Dealing with Difficult Emotions
Confusion, fear, disappointment, anger, and hurt only begin to describe the myriad of painful emotions that family members feel when a loved one becomes involved in addictions. These feelings are legitimate and common in this situation.
Painful emotions associated with addictions can imprison a family. If not addressed, these painful emotions can lead to family members developing hatred for their family system. Apathy and indifference may result as ways to escape. This doesn't have to happen. With help, family members can work through painful emotions.
When painful emotions seem to dominate one's life, it's time to take action. Family members also need support, encouragement, and, many times, professional help. Recovery is not only the desired result for the addict, but also for families. Once family members recognize their own need for recovery, the process may begin.
In dealing with difficult emotions, family members must be able to separate their own emotions from those of the addict. As hard as it may be to accept, family members have no power to control what the addict feels or what she does. This brings up the idea of sympathy versus empathy.
Sympathy is feeling sorry for someone. It carries the implication that “we'll all sink together.” While this may provide companionship in one's misery, it's not helpful. Empathy is imagining oneself in another person's situation as much as possible, recognizing the problem, offering to help, but refusing to become part of the problem just so the one in trouble doesn't feel alone. An empathic person maintains his own well-being, staying on emotional solid ground, while at the same time offering support and practical help to the one suffering.
Family members of addicts must become empathic, avoiding the pitfalls of being sympathetic. This will require strengthening their own emotional, psychological, and physical health. From this position of strength, they are better able to help their loved one when she's ready to enter recovery.
Overly sympathetic family members inhibit the addict's recovery rather than help it. Sympathy gives the addict permission to feel sorry for himself. It implies that recovery is just too hard and unattainable. This is not true. Family members need to let the addict know that, although recovery is hard, it is possible, and they are there to help.
So how do family members enter recovery? First, acknowledge the painful emotions. They're real, they're justified, and they have a purpose. Ignoring them, hiding them, excusing them, and pretending they don't exist only make painful emotions worse. It doesn't make them go away. Do not be ashamed or embarrassed about painful emotions. Get help to deal with them if necessary.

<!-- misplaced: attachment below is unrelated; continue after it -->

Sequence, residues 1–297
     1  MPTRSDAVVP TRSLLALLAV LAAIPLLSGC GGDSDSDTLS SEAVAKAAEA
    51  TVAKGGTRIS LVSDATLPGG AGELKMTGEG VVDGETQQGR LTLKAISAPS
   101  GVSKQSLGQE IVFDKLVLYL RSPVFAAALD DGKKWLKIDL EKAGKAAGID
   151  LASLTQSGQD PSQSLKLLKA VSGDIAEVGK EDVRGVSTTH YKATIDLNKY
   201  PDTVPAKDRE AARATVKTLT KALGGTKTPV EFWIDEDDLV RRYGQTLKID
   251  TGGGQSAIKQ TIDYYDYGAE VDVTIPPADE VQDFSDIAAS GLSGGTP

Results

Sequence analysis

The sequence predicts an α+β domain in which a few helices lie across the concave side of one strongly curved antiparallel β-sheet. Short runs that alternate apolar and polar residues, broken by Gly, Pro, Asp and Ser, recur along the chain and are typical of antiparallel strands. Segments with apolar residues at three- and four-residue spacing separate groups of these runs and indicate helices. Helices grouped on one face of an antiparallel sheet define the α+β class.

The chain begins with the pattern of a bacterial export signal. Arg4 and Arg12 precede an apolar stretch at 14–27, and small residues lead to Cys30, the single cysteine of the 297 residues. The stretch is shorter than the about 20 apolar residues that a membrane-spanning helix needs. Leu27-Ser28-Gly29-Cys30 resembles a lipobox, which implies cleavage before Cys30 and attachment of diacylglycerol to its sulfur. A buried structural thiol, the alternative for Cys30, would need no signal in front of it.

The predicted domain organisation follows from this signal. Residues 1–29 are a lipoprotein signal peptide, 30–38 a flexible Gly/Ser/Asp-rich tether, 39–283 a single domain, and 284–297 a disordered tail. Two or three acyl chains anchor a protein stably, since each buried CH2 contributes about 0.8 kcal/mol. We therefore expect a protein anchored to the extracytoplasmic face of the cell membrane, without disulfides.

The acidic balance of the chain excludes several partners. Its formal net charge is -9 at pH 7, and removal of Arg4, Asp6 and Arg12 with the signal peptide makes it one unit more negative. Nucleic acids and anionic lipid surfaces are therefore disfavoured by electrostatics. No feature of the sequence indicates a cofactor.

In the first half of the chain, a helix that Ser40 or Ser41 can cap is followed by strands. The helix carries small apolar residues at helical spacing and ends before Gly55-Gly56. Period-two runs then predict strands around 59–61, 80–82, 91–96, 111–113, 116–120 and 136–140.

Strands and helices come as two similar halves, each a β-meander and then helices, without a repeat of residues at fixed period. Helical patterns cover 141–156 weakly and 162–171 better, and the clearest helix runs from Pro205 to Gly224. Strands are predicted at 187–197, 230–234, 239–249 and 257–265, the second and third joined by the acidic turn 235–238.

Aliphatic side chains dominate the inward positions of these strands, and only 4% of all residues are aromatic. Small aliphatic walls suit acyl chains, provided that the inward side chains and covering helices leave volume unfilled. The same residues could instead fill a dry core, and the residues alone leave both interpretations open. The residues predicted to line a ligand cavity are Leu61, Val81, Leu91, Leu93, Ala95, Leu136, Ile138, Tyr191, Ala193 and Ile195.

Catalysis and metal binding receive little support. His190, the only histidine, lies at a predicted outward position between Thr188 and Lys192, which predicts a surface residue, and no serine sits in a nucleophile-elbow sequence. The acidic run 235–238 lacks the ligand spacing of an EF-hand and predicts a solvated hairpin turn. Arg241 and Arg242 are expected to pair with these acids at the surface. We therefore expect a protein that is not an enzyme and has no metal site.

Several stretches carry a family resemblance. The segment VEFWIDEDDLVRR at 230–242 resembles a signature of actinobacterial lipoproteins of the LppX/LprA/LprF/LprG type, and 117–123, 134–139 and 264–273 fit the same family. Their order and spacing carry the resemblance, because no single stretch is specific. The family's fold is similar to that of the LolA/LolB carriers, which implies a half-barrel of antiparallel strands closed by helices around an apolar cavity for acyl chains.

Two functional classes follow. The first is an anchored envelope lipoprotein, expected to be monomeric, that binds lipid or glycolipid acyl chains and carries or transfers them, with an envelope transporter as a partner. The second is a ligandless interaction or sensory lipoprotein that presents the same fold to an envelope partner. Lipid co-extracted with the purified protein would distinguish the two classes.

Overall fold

Professional counselors and/or spiritual leaders are trained to help people with difficult emotions. Support groups, such as Al-Anon, provide opportunities to hear that others in similar situations are experiencing the same problems. It can be a relief to realize that one is not alone or strange. This is also a time for self-examination. Recall that addictions and mental health disorders often have a genetic component. Family members may need to face troubling behaviors and moods themselves. Consult with a medical professional to see if medications might be helpful.
Remember the old adage “misery loves company.” It's true. When an addict is in the midst of her addiction, the tendency is for her to want to share the misery. Family members need to learn not to accept that misery as their own. Again, this is where boundaries come into play.
What are emotional boundaries?
Emotional boundaries, like physical boundaries, involve limits. Emotional boundaries do not keep one's emotions trapped within, but rather, allow for the honest expression of one's emotions and the prevention of the emotions of others from encroaching. Family members do not have to take on the addict's emotions of anger, depression, and discouragement as if they were their own.
Emotional boundaries are just as important to establish as physical boundaries. If an addict is angry or depressed in relation to his addiction, family members do not also have to feel angry or depressed. The feelings of the addict need to be his feelings. They do not need to be treated as a virus, an infection to be spread around to anyone in the vicinity.
When the addict is ready for recovery, he will have to deal with his own difficult emotions. Once family members have acknowledged, faced, and dealt with the understandable painful emotions they have, they are in a position to move forward in their recovery. They are also in a more solid position to help their loved one in recovery.